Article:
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Why Did Terms for Seizures Change?

Updated on March 11, 2021
Medically reviewed by
Evelyn O. Berman, M.D.
Article written by
Mary K. Talbot

In 2017, the International League Against Epilepsy (ILAE) released updated classifications for epilepsy. The new classifications better reflect current scientific understanding of seizures, as the prior classifications had last been updated in 1989.

Before this new update, seizures were divided into two broad categories — partial-onset seizures and generalized seizures. Partial-onset seizures originate in one side, or hemisphere, of the brain and generalized seizures start in both sides of the brain.

The new classification considers three main factors when defining seizures:

  1. Point of origin
  2. Awareness level
  3. Behaviors

For example, simple partial seizures have been renamed focal onset aware seizures, and complex partial seizures have been reclassified as focal onset impaired awareness seizures.

Why the changes? In an interview in Epigraph, Ingrid Scheffer, who led the ILAE effort to reclassify seizures, said the group was focused on creating “transparent language” for seizure types. “We wanted language that patients could understand, not just doctors,” she said.

Current Classification of Types of Seizures

Seizure type is now identified by point of origin, awareness level, and accompanying behaviors.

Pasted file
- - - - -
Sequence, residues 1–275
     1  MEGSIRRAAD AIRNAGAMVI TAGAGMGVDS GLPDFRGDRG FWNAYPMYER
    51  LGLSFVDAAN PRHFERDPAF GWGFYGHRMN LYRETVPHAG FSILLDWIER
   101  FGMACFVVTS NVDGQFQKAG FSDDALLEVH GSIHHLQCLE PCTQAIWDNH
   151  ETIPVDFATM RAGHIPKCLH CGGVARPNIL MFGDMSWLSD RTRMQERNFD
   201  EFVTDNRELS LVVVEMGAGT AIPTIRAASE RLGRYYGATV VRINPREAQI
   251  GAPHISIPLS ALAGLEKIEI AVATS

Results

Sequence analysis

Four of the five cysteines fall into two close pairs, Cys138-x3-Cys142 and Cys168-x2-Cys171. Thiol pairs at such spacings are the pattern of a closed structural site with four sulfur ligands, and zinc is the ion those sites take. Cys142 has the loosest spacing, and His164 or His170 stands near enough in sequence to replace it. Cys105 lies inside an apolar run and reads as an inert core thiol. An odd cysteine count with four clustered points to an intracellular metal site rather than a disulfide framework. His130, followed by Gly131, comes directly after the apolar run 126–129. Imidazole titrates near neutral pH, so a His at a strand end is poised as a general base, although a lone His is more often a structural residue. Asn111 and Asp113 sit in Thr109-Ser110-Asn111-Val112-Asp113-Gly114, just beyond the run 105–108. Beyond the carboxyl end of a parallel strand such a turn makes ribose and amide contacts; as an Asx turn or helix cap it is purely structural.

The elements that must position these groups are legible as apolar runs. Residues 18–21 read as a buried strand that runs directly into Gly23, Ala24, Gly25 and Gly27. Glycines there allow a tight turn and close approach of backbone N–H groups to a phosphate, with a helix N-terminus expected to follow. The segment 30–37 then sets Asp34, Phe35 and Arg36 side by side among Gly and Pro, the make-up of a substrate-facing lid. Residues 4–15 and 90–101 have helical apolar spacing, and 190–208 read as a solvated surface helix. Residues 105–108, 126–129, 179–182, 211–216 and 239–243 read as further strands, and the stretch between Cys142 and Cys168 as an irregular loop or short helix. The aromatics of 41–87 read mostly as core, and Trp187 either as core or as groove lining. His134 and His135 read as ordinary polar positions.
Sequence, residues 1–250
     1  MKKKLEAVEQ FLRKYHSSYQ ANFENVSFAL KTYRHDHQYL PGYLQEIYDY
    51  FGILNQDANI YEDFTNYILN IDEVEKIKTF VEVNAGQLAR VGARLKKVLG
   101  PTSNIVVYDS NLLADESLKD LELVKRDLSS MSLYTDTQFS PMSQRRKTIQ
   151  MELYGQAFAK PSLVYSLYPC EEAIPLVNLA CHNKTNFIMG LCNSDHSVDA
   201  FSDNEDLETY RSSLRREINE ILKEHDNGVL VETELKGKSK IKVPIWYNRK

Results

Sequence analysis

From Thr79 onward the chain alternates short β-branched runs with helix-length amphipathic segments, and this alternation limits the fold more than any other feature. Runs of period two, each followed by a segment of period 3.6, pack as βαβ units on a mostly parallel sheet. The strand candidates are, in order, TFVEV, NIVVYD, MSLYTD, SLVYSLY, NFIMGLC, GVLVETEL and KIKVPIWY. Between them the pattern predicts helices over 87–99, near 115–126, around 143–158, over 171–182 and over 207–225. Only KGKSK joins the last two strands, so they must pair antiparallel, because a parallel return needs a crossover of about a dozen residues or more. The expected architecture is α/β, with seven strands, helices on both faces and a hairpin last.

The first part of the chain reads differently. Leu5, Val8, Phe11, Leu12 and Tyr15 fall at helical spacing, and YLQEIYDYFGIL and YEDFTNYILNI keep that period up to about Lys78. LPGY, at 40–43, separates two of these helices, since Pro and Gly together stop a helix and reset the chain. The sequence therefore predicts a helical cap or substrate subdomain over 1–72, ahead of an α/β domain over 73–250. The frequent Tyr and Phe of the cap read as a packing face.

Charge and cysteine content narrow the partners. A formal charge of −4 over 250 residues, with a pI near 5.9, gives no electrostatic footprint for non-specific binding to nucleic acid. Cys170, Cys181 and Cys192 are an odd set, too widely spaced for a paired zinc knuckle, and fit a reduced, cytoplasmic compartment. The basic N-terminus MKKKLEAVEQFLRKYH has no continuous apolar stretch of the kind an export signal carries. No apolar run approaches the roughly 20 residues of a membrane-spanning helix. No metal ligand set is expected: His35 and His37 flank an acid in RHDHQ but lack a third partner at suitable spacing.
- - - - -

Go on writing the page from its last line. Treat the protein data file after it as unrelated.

Point of Origin

The point of origin for each type of seizure is now classified into one of four categories:

  • Focal onset — Formerly known as a “simple partial seizure,” focal onset seizures originate within networks limited to one hemisphere of the brain. They may be localized to one small area of the brain or more widely distributed.
  • Generalized onset — These originate within and rapidly engage areas in both sides of the brain at once.
  • Unknown onset — As the name suggests, the origin of these seizures is unknown.
  • Focal to bilateral seizure — These seizures start on one side of the brain and spread to both sides.

Awareness Level

Awareness levels during seizures have four distinguishing features:

  • Focal aware — During focal aware seizures, a person is aware, but may be unable to talk or respond.
  • Focal impaired awareness — Formerly known as a “complex partial seizure,” a focal impaired awareness seizure occurs when a person’s awareness is impacted at some point during a seizure.
  • Awareness unknown — This classification is used when a seizure takes place with no witness to observe awareness levels.
  • Generalized seizures — Generalized seizures, which affect both halves of the brain, usually always affect a person’s awareness or level of consciousness in some way.

Behaviors

Behaviors that accompany focal onset seizures also have classifications:

  • Focal motor seizure — This term describes a seizure accompanied by movement, such as stiffening, thrashing, jerking, or automatic movements like walking or running.
  • Focal nonmotor seizure — This is a seizure with other symptoms that precede it, such as changes in thinking, emotions, or sensation.

These behaviors accompany generalized onset seizures:

  • Generalized motor seizure — “Tonic-clonic seizures,” with their characteristic stiffening and jerking motions, is still an accurate term. However, the term “grand mal seizure” that often accompanied that description is no longer used.
  • Generalized nonmotor seizure — “Absence seizures,” with brief changes in awareness that include staring and some repeated movements, is the new classification. This has replaced “petit mal seizures.”

Read more about types of focal seizures and their treatments.

Scientific Progress in Understanding Epilepsy